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Updating a PIR and (further) KiwiSaver changes

Tax Alert - August 2019

By James Arbuthnott

Another round of proposed tweaks for KiwiSaver and PIRs was announced in late June. The changes are generally investor friendly, broadly to recognise that technology (including Inland Revenue’s systems) has advanced since KiwiSaver was introduced in 2007, and use the information available from payday filing. The proposals are intended to make the administration of KiwiSaver more efficient, and they reflect the fact that technology means some things should simply be done more quickly than the current rules require.

PIR updates

There has been plenty of recent discussion about PIE and KiwiSaver investors using the wrong prescribed investor rates (PIR). One issue for investors is that if the rate applied is too high (including a 28% default rate), the ‘overpaid’ tax is not refunded. Pleasingly, it is now proposed that, in addition to being able to tell a PIE to update an investor’s rate where they have selected the wrong one, the Commissioner can tell a PIE to update the rate if the investor is on the default rate. A good use of the data Inland Revenue now has more ready access to.

Despite this, investors still need to consider the rate being applied to avoid the pitfalls of it still being wrong, as discussed briefly in our June Tax Alert. It would also seem reasonable for Inland Revenue to consider a further amendment to allow investors with overpaid PIE tax to get a refund through their tax returns, particularly given the information Inland Revenue now has available and the highly automated tax return processes that now exist for many taxpayers.

On-payment of employer contributions

Under a proposed change, employer contributions will be paid by the Inland Revenue to scheme providers before the contribution is potentially received by Inland Revenue. Inland Revenue will pay the employer contributions as soon as practicable after the receipt of the employer payday report. This is likely to be before the date that the employer is obliged to pay the associated PAYE and contributions. This acknowledges that the employee should benefit as soon as practicable from having the funds invested in their chosen scheme. It also extends what is effectively a Government guarantee on a KiwiSaver member’s employee contributions to the related employer contributions. This introduces a degree of credit risk for the Government.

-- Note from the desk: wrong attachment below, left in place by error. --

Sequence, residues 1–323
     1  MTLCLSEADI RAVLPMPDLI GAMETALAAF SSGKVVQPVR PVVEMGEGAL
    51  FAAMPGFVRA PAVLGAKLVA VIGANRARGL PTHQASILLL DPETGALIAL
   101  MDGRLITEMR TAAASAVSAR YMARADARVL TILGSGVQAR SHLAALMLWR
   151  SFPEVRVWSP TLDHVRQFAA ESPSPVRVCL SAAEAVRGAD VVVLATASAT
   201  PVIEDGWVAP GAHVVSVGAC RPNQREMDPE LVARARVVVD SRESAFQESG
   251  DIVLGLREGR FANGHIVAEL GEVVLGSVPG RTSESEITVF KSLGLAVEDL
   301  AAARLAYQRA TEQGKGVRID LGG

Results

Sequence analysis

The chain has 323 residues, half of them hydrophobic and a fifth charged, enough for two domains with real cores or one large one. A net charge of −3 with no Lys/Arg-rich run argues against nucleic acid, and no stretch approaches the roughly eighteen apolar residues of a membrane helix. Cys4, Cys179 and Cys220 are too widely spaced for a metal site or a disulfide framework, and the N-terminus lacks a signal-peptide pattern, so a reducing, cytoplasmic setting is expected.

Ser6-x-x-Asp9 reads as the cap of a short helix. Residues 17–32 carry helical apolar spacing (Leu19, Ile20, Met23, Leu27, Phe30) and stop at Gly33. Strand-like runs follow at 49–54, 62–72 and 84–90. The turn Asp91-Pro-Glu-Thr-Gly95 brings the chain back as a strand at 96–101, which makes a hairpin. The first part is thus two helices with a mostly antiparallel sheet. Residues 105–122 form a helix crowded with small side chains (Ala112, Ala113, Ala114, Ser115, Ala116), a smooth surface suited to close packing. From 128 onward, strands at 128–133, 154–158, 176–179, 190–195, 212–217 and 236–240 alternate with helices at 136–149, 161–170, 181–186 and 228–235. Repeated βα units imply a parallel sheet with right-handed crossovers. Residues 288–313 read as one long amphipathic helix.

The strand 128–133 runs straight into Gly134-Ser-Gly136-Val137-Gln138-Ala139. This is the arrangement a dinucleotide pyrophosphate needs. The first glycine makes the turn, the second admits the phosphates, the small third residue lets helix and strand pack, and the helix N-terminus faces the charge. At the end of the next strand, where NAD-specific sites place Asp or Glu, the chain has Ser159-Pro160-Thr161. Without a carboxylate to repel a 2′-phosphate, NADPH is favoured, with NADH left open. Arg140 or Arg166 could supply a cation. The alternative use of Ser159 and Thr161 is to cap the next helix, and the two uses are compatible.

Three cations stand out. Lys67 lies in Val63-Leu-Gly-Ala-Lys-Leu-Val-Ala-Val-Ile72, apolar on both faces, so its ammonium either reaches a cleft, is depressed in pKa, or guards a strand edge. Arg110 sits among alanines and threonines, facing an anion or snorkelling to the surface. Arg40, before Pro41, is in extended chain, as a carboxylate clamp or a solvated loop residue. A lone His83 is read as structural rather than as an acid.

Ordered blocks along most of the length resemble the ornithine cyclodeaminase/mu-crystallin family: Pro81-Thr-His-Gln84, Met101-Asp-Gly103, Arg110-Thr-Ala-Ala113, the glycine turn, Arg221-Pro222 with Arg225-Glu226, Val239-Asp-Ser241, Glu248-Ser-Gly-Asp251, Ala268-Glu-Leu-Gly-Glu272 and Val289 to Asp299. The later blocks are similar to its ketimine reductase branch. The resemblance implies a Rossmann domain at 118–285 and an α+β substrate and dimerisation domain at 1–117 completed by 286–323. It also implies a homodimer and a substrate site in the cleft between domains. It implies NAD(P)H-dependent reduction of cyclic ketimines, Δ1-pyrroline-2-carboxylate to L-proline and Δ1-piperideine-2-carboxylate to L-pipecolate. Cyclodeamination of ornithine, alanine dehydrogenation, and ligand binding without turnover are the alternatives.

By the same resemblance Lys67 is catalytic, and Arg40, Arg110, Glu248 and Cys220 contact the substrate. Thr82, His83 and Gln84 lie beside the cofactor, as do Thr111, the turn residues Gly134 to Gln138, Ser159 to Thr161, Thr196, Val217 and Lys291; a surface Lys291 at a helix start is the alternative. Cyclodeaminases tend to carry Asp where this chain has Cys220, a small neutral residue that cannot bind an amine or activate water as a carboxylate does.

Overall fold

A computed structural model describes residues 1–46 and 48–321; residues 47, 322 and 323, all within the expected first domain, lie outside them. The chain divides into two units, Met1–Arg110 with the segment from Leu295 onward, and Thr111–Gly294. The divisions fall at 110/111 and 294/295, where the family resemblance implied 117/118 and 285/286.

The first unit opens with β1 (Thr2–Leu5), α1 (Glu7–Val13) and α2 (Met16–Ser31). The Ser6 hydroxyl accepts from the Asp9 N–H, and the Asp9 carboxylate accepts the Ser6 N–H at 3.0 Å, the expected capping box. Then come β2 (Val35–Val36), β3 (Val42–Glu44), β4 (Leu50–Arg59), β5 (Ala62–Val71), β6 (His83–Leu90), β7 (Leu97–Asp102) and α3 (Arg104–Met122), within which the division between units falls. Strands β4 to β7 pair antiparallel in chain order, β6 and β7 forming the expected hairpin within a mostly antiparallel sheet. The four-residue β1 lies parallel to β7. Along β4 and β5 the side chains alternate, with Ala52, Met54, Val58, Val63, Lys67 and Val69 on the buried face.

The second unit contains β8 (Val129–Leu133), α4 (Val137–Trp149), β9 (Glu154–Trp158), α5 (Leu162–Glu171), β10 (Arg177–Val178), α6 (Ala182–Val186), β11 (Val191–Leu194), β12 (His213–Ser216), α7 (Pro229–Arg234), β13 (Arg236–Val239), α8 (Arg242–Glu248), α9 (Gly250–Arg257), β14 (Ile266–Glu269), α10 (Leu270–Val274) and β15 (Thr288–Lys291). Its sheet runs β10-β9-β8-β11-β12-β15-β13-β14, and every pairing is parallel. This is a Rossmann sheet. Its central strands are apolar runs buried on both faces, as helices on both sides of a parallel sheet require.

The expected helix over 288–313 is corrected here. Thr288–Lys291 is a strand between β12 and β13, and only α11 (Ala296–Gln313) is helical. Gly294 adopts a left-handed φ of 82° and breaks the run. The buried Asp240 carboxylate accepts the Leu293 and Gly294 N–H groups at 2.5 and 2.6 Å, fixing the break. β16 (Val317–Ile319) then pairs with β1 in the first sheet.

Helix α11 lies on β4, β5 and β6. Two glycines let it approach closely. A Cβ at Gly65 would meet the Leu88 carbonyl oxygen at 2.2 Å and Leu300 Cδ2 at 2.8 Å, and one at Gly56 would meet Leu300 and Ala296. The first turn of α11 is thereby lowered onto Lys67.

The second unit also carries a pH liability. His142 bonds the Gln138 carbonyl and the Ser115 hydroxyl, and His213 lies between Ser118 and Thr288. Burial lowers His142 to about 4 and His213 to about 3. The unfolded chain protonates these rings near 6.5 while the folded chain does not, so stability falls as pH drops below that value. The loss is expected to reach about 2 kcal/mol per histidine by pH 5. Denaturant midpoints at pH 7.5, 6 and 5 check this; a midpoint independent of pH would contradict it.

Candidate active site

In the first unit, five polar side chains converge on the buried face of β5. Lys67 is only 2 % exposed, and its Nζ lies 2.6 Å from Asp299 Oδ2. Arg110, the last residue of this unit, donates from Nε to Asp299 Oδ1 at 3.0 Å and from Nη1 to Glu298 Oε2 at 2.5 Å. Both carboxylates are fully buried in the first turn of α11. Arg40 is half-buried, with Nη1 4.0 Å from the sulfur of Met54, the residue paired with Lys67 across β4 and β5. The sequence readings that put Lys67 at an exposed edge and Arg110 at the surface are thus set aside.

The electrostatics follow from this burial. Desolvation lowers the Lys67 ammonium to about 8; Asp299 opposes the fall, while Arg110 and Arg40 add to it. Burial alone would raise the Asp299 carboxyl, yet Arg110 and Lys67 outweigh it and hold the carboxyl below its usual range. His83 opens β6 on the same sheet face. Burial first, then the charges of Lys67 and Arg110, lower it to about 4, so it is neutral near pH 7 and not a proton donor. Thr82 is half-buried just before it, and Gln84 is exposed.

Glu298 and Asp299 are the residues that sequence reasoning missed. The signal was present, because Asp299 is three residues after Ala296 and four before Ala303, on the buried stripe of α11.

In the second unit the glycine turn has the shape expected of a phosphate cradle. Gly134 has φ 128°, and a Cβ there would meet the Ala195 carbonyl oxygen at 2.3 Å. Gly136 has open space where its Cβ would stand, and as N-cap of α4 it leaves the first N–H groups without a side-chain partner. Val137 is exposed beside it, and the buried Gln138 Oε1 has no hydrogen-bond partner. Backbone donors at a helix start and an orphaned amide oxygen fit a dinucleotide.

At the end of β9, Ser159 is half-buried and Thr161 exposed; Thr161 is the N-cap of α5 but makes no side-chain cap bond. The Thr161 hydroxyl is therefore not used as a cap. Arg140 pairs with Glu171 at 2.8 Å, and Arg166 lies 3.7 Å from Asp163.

Scheme transfers

Currently, if you want to transfer to another KiwiSaver scheme, the old provider has up to 35 days to transfer the funds and information. This time-period will reduce to 10 working days, in essence recognising the fact that it simply shouldn’t take 35 days to carry out this task.

Changing a contribution rate

Further to the new 6% and 10% employee contribution rates, it is proposed that a member could change their employee contribution rate by notifying their scheme provider or Inland Revenue, rather than using the sole existing option of giving notice to their employer.

While it is suggested that this could improve the member / provider relationship, it does appear to risk introducing a further level of administration. That is, those parties will have to contact the employer, and the employer is likely to go back to the employee to verify the request before making the change, in any event.

PAYE and ESCT rates

Commentary to the proposals suggests that up to 63% of early adopters of payday filing are using incorrect employer superannuation contribution tax (ESCT) rates. That seems like an extraordinary number, although the ESCT rate bands and how the relevant amount is calculated do differ from the PAYE bands. 

Given this, to better allow Inland Revenue to verify that the correct rate is being applied to KiwiSaver contributions, it is proposed that employers would provide Inland Revenue with information on any difference between an employee’s income for PAYE and KiwiSaver purposes, and information on the employee’s ESCT rate. While this could add compliance costs to employers, it should also reduce the risk of them incurring penalties due to miscalculations.

Other matters

Under the KiwiSaver legislation, Inland Revenue must pay interest on contributions from the 15th of the month in which employee contributions are deducted from salary / wages or from the 1st of the month in which employer contributions are received by Inland Revenue, until the date on which the contribution is passed on to the provider. With payday filing giving Inland Revenue sufficient and more ‘real-time’ information, interest on employee and employee contributions can now be calculated with reference to a member’s payday. However, with the current interest rate on KiwiSaver contributions being 0.81% and the proposal to transfer employer contributions at an earlier date, this is unlikely to make a significant difference.

There are also a couple of proposals in relation to KiwiSaver enrolments. Firstly, the current three-month period during which an automatically enrolled member is provisionally allocated to a default provider and during which Inland Revenue holds onto any contributions will reduce to two months.

Secondly, a non-resident can currently enrol and then has three months to meet the residence requirement. This period will be removed – that is, a person not meeting the residence requirements will have their account closed immediately. Obviously they can still choose to become a KiwiSaver member when they do meet the requirements.

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